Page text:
The machinery of the city government of Cambridge is vested in a mayor, a city council of two branches, a school committee, and a board of assessors. The mayor, aldermen, school committee, and board of assessors are elected by a plurality vote of all the voters of the city, but each ward is entitled to three members of the school committee. The common councilmen are elected by wards. All other boards and all heads of departments are either appointed by the mayor subject to the confirmation of the board of aldermen (and this method applies to most), or they are chosen by a vote of the city council. Boards and heads of departments appoint all their subordinates, except in the police and fire departments, and except also in the cases of the assistant assessors and the assistant city clerk. In the police and fire departments, the subordinates are appointed by the mayor subject to the confirmation of the board of aldermen, and the same is true of the assistant assessors. The assistant city clerk is elected by the city council. After due hearing, with the approval of a majority of the board of aldermen, the mayor may remove any member of the board of overseers of the poor or of the board of health, and any other officer or member of a board appointed by him. The mayor is not a member of either branch of the city council. The executive powers of the city are vested in him, and he is also surveyor of highways. All executive boards and officers are at all times accountable to him for the proper discharge of their duties. The mayor has a qualified veto power over the doings of the city council, and of the board of aldermen; all contracts over $300 require his approval before going into effect, and he submits annually to the city council the estimates of money required for the respective departments with his recommendations on them. No expenditure can be made and no liability incurred for any purpose beyond the appropriation previously made. To the city council or to the board of aldermen are given all the powers of the city not given to the mayor, the school committee, and other public officers prescribed by general law. The city council makes ordinances and provides for the appointment of certain officers, defines their powers and duties, and fixes their compensation. It also has authority to lay out, alter, and discontinue ways, to take land for them, and for the construction of sewers. The board of aldermen may authorize the construction of sidewalks, and must assess the expense of the materials upon the abutting lands, which then become chargeable for the payment of the amount. The board of aldermen fixes the number and compensation of policemen, and establishes general regulations for their government. It also has the power to grant and revoke licenses for which provision is made by law or ordinance.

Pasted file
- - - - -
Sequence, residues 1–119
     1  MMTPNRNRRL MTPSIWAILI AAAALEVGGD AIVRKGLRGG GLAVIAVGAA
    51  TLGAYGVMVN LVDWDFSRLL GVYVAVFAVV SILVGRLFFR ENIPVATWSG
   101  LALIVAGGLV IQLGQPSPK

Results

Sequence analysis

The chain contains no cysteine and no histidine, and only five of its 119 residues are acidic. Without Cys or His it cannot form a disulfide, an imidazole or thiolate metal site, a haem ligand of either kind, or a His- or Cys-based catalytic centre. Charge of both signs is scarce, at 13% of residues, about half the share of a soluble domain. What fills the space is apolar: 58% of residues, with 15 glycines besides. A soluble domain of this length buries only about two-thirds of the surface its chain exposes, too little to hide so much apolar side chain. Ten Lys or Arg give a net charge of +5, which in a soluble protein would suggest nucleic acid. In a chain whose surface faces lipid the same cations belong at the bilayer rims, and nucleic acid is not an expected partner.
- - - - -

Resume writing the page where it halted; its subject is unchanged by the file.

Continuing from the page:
The school committee, of which the mayor is ex officio chairman without a vote, performs all such duties as the school committees in Massachusetts towns are required by law to perform.

The essential difference between the form of city government of today and that in vogue from the time Cambridge became a city, up to 1892, is in the assignment of executive power. Formerly, it was given to the mayor and board of aldermen or to the city council, and was exercised through their committees. Now, it is given to the mayor, and is exercised through the boards and heads of departments, under his general supervision and control.